The number of fatal injuries in the waste and recycling sector for 2016/17 is almost double the annual average for the past 5 years according to the Health and Safety Executive’s (HSE) annual figures.
The Health and Safety Executive noted that despite being a relatively small sector in terms of employment, the annual average fatal injury rate over the last five years is around 15 times as high as the average industry rate. The sector finds itself positioned at third most dangerous industry with 14 fatal injuries following Construction with 30 fatalities and Agriculture with 27. The HSE figures also stated that 5% of lone workers in this industry are likely to sustain a work related injury.
This time last year an incident occurred which sparked huge concern regarding the personal safety standards among the recycling and waste industry. Five workers were crushed to death by a 15ft concrete structure containing mental that collapsed on them in a Birmingham recycling plant. Two ambulances, an air ambulance, a hazardous area response team and an emergency planning officer were immediately
Last week it was reported that takeaway delivery driver, Jabed Hussain was attacked on his moped when two men pulled up and threw a corrosive substance at him. This shocking incident in London’s East End has brought the issue of driver safety firmly into the public spotlight.
Sadly, violence against delivery drivers is becoming increasingly common. According to Mr. Hussain, he and his colleagues have “felt unsafe for months,” having regularly been targeted by groups of youths. As a result of this, many drivers are now refusing to work after 8pm with some even asking to switch delivery area. Such is the level of concern for their safety, drivers in Hackney have created a WhatsApp group to alert each other to danger.
Safety Risks When Out on Deliveries
Typically, drivers are self-employed and there may not be adequate measures in place to protect them. Theft is one of the biggest issues, with many drivers being targeted by thieves looking to steal money or even vehicles. Drivers often work alone, travelling to remote areas and those with high crime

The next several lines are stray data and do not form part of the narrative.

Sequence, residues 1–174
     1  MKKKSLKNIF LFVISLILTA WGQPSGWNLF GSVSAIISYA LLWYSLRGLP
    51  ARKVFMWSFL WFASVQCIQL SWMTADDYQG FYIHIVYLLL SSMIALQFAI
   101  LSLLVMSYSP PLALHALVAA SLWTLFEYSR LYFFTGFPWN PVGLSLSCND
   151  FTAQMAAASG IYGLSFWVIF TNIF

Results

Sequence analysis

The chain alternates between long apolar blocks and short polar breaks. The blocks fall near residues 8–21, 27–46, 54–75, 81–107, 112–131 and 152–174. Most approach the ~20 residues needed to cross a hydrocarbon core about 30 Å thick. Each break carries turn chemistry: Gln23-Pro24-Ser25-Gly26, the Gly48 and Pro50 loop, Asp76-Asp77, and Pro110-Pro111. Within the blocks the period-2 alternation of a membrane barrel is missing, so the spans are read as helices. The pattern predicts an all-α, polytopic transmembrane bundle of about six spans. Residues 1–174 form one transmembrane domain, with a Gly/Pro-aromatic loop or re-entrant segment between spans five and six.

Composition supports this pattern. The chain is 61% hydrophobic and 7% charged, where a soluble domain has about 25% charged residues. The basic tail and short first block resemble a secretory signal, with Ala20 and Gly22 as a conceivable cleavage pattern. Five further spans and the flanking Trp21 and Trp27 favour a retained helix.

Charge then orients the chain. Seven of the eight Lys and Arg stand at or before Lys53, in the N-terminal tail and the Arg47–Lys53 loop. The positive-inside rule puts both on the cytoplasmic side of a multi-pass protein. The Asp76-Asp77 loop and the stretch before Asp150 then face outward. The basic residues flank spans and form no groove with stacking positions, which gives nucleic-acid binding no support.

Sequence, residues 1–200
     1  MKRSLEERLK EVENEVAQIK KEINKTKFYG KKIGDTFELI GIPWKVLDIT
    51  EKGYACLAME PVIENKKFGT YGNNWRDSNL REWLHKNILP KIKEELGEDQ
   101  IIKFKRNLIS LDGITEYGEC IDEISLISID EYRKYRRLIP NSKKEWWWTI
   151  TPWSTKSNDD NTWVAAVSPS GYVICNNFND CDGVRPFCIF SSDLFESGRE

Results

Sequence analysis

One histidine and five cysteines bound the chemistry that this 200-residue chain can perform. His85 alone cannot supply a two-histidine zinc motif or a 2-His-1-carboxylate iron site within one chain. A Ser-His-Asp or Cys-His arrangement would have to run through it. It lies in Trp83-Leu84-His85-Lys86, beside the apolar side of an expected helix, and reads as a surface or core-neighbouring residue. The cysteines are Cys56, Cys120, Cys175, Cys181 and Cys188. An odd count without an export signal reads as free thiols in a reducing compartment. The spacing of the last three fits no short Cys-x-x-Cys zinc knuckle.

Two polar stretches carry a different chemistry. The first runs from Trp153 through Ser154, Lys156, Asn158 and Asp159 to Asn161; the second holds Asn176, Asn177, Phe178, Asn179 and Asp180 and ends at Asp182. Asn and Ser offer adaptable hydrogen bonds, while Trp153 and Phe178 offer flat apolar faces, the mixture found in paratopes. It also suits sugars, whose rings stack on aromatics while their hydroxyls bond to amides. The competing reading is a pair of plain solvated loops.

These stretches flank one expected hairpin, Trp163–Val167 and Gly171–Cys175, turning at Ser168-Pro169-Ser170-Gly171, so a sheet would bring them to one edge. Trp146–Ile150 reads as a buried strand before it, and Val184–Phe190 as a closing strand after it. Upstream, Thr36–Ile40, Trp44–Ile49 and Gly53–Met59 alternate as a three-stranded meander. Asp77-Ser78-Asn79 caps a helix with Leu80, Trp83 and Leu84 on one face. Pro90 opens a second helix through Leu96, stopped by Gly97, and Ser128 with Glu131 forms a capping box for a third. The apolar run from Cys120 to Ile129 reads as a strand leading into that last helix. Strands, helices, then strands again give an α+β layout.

Popular photo messaging app, Snapchat has recently launched a brand-new feature, Snap Map, that lets users share their location with friends and online contacts. Although many have raised obvious privacy and security concerns surrounding this, could Snap Map actually help to make its users safer?
What is Snap Map and how does it work?
Firstly, let’s take a look in more detail at what Snap Map does. Users can mark where they are on a map and post videos from their location to show their friends what they’re up to. The idea is that people can see what their friends are doing so they can keep in touch and meet up.
Of course, the flipside to this that people may not want others, or certain individuals to see where they are and turn up unexpectedly. It’s not hard to imagine the difficult scenarios this could create socially, but much worse is what could happen if this information fell into the hands of someone who wanted to do harm.
Safety issues associated with sharing location information online
Those who work in construction find themselves in one of the most dangerous industries for accidents and injuries.
Due to the nature of work being carried out they are more inclined to encounter injuries than other types of workers. In figures just released this week, the HSE reported that the most fatalities occurred in the Construction industry with 30 deaths in the past year alone. Although these are extreme examples, the sector suffers a higher accident rate than any other. Some accidents are more serious than others however it is important to protect yourself from any form of injury at the workplace.
We have assembled ten key tips on how you can help to avoid accidents as a construction worker.
1) Always wear the appropriate clothing
Although it may seem inevitable that a construction worker must wear the appropriate clothing when performing any form of building work, many incidents do occur due to a lack of protective apparel. Ultimately, what you wear whilst working is going to act as the biggest barrier to an injury due to the nature of
Have you ever witnessed a strange message issued over a public tannoy or heard coded phrases being spoken by a security person and wondered exactly what it all meant?
In times of increased security, the use of coded announcements is nothing new. Emergency codes are inconspicuous words and phrases that are often used in public areas to alert those in charge, of possible danger. This allows staff to control an emerging situation, so they can investigate further and put emergency plans into action without causing mass panic.
Failing to do this can make matters worse, as was the case in 1913 when 73 people tragically died after a stampede at the Italian Hall in Michigan, which was caused by someone falsely shouting that the building was on fire.
Keeping people safe and carrying out controlled evacuations is a priority in an emergency. Here’s an insight into some of the secret code words used to indicate a variety of threats.
Often heard as: “Could Inspector Sands please report to the…”
Means: There is a fire